I did a topic search first and didn't find anything specific to my question, so I am starting this new topic.
We have a 9-story building and have deployed 6 Cisco 1131AG Access points on every other floor (1,3,5,7,9) and let them bleed through to cover the even floors.
The AP's are Lightweight and controlled by a 4400-series controller.
We're having various issues with coverage disappearing at times and coming back, and I believe it is crosstalk between AP's and the channels.
I had been reading about a new 'trend' of setting AP's to one channel instead of the 1,6,11 method.
I need to know if this is something you think we could try and make it work without any major issues?
I was thinking of making the 1st floor all channel 1, the 3rd floor all channel 6, the 5th floor all channel 11, 7th floor channel 1 and the 9th floor channel 6 - or if I am going to do something like that, should I make it 1st floor CH1, 3rd floor CH11, 5th floor CH1, 7th floor CH11, 9th floor CH1 ?
What is the school of thinking on this?
Thanks for any and all input.
If I am missing information to help you help me, please advise.
I'm not sure what your referring to as a trend, the only scenario's I am aware of where you set an entire floor to a single channel in is a DAS (Distributed Antenna System) deployment, but a DAS deployment varies greatly from a traditional wireless deployment in a number of ways. The idea behind the Innerwireless DAS environment is that there is a single AP that goes to many antennas, the end result is a much larger coverage area all on one channel (potenially and entire floor) but again it's typically drive by a single AP so there really isn't co-channel interference (this is a 1-to-Many configuration). In terms of the Mobileaccess DAS solution there's is designed similar to the Innerwireless DAS although you have the ability to also do a 1-to-1 AP distribution, which means you can either do the 1-to-Many or 1-to-1.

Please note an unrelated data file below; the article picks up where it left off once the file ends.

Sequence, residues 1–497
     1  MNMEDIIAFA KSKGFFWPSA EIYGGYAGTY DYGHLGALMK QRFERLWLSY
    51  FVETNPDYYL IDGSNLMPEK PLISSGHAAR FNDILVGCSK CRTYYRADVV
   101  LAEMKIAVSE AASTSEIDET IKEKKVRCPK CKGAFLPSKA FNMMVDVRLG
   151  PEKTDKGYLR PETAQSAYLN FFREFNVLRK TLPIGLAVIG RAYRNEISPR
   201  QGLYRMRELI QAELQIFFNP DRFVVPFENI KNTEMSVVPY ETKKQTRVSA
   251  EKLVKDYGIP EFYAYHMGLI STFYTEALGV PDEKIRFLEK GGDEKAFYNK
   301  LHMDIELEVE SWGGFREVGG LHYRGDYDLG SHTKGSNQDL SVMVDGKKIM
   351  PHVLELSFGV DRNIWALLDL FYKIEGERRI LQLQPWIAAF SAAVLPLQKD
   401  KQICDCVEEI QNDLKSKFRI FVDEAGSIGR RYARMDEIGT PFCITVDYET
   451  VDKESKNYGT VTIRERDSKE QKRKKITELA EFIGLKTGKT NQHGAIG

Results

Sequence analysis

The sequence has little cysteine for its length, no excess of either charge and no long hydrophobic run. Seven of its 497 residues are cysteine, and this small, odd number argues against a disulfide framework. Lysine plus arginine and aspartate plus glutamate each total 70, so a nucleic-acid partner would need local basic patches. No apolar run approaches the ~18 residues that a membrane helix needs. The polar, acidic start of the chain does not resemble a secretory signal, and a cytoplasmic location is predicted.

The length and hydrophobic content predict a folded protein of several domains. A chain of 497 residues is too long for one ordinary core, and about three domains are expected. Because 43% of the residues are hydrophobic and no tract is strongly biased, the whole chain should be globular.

In both of these cases there is a much higher level RF calculations and calibration done, so that there are stricter more controlled cells so that there is minimal interference and crosstalk. The DAS system design has pros and cons like any design and there are other things to consider when going that route aswell as other best practices that should be implemented.
That information in mind I haven't seen or heard of anyone taking a traditional wireless network design, disabling the RRM and setting all the access points to a single channel, with that being said if the power level were set accordingly and spacing was correct it might be possible to limit the amount of interference from AP to AP, but it's not something I'd reccomend in the environment you describe.
As for the issue your having when you say converage disappears then comes back have you looked at the logs to see if there are coverage holes being generated? interference alarms? Load alarms? What is the transmit power threshold set at? Do you have WCS? What code version?
There are a number of things that could be happening..
Good information. I had been reading all over the web - no official places - that this was a solution. I am not the 'wifi guy' here at work so I would have to get that information you asked for. Thanks again!
Are you doing just data, no voice right? Normally you dont want to do the floor bleed through design becuase of "hidden node" and coverage related issue.Your design should have access points on the floors your clients will be on. Keep in mind your access point power. If your aps ate on "1" this means 100 mW on the 2.4 GHz side. Your typical clients like Intel only tansmit at 25 - 30 mW. In this example your client can hear the AP but your AP cant hear your client reliable. Make sense?
Also, you want to use channels 1,6,11 and have 20 dB difference between same channels. Example if you have 2 aps on channel 1. One is at -80 and the other is -60. You are ok ... If you have one at -60 and the other at -65 you will have interference.
Keep in mind, wireless is half duplex. Just like a switch that is in half duplex only 1 device can talk at a time. if you have 2 aps on the same channel your "chatter" errors and retires increase.
"Satisfaction does not come from knowing the solution, it comes from knowing why." - Rosalind Franklin